Homo/transphobic violence in the Caribbean region has deep historical and cultural roots stemming from our colonial past. Its causes and manifestations are complex and multifaceted. However, from my perspective, it can be traced back to the same socialization that scolds boys for exhibiting "feminine" traits. Homophobic violence is not innate; it is learned through harmful gender norms, which can take shape during early adolescence (Yu et al., 2017). Explicit and targeted homophobic violence, particularly among young boys, can be seen as a performance of manhood (Kimmel, 2013). Within the binary and traditional understandings of gender, being a man or a woman is predicated on compulsory heterosexuality. The schoolyard becomes a site where this dynamic is readily observed. Amongst young boys, it becomes evident that adhering to socially constructed boundaries of masculinity involves condemning and hazing those who step outside these norms.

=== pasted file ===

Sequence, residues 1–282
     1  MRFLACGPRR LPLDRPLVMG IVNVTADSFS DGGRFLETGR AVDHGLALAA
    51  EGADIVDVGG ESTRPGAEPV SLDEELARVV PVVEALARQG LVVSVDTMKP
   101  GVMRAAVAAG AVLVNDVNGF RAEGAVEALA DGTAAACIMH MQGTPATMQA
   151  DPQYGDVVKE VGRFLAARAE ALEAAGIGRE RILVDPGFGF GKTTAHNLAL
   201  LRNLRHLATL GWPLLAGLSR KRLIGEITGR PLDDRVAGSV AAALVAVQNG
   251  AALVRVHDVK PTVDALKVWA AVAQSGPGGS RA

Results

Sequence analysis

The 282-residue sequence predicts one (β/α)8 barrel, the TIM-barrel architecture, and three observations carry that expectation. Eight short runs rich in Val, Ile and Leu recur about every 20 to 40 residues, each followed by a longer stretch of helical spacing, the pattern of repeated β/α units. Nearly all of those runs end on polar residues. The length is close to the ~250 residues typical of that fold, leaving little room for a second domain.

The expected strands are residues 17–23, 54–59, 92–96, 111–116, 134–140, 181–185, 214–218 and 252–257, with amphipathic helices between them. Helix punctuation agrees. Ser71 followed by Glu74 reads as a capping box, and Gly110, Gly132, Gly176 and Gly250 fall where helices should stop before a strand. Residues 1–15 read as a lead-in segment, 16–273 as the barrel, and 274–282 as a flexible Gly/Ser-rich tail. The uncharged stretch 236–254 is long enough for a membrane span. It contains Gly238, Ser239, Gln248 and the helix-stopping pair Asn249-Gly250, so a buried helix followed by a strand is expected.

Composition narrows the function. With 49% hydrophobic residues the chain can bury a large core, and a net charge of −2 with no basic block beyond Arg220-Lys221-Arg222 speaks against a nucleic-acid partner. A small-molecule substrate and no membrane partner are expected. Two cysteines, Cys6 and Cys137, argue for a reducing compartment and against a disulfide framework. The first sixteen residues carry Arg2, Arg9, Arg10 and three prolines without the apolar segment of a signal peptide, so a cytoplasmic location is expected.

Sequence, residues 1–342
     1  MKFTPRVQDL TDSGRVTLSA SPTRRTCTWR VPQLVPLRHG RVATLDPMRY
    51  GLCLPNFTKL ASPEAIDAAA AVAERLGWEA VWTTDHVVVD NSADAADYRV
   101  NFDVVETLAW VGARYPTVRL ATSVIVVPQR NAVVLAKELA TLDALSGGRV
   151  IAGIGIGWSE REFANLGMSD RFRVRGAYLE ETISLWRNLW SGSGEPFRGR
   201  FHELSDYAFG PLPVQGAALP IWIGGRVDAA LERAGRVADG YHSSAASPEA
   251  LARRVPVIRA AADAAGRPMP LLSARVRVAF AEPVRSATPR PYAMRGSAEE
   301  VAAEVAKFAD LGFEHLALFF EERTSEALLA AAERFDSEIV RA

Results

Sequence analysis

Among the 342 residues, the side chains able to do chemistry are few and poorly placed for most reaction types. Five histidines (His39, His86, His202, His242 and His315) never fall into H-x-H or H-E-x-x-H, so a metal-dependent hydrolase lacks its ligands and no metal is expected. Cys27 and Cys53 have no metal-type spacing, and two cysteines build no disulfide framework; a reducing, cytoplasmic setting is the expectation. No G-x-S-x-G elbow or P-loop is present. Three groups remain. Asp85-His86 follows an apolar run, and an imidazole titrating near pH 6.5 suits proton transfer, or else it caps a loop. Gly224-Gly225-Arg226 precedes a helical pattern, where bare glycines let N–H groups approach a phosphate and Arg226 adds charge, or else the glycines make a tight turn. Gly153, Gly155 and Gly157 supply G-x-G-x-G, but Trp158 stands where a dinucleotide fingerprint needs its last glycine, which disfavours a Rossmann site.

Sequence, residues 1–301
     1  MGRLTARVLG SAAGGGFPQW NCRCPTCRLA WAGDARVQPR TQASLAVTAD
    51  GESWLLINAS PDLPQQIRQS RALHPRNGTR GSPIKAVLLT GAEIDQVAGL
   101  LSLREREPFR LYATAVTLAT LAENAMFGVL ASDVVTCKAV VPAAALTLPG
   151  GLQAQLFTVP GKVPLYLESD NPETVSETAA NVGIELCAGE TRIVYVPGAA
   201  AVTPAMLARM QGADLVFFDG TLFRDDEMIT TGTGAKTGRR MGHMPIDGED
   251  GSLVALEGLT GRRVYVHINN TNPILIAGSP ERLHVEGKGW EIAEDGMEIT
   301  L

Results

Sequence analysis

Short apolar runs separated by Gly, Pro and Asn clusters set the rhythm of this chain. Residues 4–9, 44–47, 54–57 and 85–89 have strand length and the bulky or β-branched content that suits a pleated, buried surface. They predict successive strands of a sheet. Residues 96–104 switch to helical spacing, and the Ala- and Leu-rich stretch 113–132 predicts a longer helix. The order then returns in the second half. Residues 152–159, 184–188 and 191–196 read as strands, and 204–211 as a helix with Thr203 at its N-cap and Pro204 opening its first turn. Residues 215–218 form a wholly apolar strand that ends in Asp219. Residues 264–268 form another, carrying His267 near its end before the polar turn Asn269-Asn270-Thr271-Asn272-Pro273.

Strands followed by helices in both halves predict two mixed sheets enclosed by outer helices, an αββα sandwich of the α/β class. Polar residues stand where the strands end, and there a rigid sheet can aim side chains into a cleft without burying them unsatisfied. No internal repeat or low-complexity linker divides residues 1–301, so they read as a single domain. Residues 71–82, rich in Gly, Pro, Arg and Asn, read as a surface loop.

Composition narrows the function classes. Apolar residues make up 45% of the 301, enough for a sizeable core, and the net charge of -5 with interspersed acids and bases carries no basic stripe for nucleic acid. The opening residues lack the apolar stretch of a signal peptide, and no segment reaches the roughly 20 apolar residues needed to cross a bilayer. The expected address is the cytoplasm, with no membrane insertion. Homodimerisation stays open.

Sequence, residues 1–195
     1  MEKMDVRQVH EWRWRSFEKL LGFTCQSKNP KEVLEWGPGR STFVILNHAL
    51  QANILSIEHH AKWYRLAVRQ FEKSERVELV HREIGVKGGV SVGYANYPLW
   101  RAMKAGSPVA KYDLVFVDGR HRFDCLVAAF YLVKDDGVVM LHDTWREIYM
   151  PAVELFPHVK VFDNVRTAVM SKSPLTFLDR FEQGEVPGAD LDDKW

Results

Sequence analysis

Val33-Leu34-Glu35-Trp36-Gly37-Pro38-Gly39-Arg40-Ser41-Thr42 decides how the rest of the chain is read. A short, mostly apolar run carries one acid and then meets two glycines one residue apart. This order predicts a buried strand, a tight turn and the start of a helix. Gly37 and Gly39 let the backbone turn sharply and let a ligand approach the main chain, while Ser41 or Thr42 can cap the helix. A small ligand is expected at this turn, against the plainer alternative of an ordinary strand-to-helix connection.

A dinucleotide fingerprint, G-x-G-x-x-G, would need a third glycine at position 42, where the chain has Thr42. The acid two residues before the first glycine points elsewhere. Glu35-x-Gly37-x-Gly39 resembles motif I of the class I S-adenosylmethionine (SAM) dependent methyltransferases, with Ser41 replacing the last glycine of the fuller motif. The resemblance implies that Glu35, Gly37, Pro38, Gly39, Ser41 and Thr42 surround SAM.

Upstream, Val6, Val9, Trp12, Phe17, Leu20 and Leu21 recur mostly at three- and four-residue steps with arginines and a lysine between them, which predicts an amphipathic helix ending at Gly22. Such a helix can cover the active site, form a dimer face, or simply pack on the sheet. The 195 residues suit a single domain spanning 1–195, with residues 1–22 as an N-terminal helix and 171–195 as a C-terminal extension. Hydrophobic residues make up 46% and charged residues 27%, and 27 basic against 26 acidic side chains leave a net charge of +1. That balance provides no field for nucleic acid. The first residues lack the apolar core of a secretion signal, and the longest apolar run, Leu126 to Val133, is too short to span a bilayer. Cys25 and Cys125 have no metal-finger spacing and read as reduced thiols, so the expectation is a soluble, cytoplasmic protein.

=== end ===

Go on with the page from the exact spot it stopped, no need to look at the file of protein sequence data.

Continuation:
This is where inclusive comprehensive sexuality education (CSE) can make a meaningful impact. The benefits of CSE have been extensively researched and documented. However, my focus here is not to make a case for CSE in general but to emphasize the importance of one which includes queer and trans people. When we incorporate gender and sexual identity into the curriculum, we actively dismantle harmful gender norms that perpetuate violence. Inclusive CSE empowers queer and trans individuals and fosters sustainable environments that promote positive gender norms, inclusive of diverse genders and sexualities. Moreover, in this process, we render oppressive gender norms meaningless.